A port trucking firm in Carson has been ordered to turn over nearly $7 million in back pay to 38 drivers, the latest in a series of recent wins for port drivers and the Teamsters union that has been trying to organize them.
The state Labor Commissioner’s Office ruled this month that the drivers at Pacific 9 Transportation were improperly treated as independent contractors rather than as employees. It ordered the company to compensate drivers for illegal paycheck deductions, back wages and legal costs, payouts that amount to hundreds of thousands of dollars for some.
Though the decision, disclosed Tuesday, affects just a fraction of the nearly 12,000 drivers who haul cargo at the local ports, the order shows that labor organizers are having some success in using employee classification claims to push trucking firms to treat drivers as employees — who, unlike contractors, are allowed to unionize.
Disputes between trucking companies and port truck drivers have become common in recent years, but typically state labor regulators handle classification complaints individually or in small groups. But the recent case involving Pacific 9 — as well as two others involving trucking firms — was heard en masse, with the Labor Commissioner’s Office ruling in favor of dozens of drivers at once.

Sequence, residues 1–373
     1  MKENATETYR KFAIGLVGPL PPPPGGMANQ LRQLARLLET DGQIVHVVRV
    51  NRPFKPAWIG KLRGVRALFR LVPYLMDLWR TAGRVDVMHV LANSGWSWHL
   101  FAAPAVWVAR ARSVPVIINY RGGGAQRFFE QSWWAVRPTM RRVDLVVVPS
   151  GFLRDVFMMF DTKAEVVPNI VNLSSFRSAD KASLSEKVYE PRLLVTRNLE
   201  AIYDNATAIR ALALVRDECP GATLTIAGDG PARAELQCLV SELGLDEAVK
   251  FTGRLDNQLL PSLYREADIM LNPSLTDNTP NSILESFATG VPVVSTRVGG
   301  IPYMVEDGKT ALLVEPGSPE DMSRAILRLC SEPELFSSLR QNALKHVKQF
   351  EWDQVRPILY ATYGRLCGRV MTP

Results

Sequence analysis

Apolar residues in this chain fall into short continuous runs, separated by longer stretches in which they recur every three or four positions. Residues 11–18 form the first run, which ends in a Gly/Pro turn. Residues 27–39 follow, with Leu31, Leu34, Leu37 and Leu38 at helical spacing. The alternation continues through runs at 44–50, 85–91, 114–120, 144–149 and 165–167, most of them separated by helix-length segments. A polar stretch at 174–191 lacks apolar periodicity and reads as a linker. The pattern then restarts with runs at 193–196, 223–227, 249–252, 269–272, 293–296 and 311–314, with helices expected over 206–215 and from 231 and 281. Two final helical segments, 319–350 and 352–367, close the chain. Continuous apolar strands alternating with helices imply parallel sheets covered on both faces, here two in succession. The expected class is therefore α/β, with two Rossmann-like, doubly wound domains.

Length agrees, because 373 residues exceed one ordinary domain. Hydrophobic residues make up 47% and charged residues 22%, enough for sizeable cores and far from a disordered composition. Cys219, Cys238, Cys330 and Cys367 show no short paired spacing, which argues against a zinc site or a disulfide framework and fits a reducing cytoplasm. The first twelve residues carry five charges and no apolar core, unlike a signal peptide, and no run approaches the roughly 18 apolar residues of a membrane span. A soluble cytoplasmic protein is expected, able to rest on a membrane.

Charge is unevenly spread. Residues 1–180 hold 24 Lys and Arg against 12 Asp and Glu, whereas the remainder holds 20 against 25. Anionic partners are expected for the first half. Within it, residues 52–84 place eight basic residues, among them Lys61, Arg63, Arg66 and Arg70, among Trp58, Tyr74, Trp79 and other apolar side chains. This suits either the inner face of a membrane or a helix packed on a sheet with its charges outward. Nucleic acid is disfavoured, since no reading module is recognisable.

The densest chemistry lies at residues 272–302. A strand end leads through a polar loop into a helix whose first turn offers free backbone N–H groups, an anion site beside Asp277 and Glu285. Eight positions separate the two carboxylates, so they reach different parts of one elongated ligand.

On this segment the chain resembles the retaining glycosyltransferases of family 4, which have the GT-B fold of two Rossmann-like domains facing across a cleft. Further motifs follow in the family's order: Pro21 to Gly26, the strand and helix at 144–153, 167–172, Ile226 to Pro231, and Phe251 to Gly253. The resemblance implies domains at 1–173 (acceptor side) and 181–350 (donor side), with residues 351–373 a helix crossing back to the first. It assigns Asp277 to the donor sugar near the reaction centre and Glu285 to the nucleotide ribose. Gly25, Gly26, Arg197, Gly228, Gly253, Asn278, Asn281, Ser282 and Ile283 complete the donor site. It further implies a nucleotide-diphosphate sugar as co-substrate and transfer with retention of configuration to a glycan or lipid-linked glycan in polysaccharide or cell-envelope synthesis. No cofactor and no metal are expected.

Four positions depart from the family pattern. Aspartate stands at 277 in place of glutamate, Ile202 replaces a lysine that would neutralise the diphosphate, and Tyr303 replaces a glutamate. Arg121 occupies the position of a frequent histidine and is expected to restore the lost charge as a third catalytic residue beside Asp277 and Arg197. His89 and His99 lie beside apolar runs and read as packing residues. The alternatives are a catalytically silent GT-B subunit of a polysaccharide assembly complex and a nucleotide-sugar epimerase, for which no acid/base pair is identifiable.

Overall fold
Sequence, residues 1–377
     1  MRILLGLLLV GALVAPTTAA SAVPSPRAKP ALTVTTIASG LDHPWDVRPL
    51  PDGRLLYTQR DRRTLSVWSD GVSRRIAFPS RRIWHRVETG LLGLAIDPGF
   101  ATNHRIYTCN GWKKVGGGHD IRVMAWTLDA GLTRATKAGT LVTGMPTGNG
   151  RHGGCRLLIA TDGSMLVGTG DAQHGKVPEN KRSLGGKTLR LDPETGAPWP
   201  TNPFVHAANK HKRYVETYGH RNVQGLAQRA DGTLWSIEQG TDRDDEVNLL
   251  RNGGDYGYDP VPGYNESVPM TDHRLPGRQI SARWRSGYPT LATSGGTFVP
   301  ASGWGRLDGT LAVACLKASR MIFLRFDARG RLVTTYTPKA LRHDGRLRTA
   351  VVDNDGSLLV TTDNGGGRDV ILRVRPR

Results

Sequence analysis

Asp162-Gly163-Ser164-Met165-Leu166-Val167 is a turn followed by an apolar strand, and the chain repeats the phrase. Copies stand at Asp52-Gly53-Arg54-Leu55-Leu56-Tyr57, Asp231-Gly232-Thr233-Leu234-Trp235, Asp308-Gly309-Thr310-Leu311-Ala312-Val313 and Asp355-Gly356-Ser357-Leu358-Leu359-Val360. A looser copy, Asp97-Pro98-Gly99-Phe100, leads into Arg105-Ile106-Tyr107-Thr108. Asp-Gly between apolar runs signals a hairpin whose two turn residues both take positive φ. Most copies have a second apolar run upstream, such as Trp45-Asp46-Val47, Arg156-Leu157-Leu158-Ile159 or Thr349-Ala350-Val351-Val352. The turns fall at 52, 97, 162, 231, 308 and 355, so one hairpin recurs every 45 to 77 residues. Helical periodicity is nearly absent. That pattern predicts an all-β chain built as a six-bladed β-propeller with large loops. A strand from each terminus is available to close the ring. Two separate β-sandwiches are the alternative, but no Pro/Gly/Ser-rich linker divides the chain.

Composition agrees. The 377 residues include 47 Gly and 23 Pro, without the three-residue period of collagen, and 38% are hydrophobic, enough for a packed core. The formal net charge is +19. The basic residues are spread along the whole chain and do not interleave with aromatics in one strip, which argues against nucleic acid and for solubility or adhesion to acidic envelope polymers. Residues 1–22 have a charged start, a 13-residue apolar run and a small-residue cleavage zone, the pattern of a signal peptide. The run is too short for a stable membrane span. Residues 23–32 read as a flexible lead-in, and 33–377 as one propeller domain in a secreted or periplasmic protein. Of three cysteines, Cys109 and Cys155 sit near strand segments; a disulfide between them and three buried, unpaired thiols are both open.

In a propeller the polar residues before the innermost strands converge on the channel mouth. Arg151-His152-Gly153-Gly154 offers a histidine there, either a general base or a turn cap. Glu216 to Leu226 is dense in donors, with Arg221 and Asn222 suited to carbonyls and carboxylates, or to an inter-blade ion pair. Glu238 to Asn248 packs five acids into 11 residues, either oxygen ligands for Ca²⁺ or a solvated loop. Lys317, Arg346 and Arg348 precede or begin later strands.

“This is not an everyday kind of decision,” said Robert Millman, a partner in the Century City office of labor and employment law firm Littler Mendelson, who was not involved in the case. “It’s apparent that the Teamsters have glommed onto this issue as an organizing tool.”
These larger actions could spark an acceleration in the number of claims against trucking firms at the ports of Los Angeles and Long Beach, most of which say their workers are independent contractors, according to labor organizers.
“There are hundreds of trucking companies at the ports, and the vast majority are misclassifying drivers,” said Julie Gutman Dickinson, an attorney who has represented the Teamsters union and is on the advisory board of the Los Angeles Alliance for a New Economy, a labor-backed advocacy group that represented drivers in the Pacific 9 case.